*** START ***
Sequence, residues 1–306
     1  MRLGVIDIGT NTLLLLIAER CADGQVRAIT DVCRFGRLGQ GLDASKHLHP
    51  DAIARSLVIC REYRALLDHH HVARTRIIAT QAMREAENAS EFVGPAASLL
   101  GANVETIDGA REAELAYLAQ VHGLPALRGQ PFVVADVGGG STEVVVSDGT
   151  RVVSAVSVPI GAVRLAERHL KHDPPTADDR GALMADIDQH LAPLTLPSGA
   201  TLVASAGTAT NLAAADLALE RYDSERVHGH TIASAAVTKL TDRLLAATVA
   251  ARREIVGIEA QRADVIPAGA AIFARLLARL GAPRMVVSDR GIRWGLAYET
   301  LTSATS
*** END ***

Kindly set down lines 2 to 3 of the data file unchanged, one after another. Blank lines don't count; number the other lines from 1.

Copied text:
     1  MRLGVIDIGT NTLLLLIAER CADGQVRAIT DVCRFGRLGQ GLDASKHLHP
    51  DAIARSLVIC REYRALLDHH HVARTRIIAT QAMREAENAS EFVGPAASLL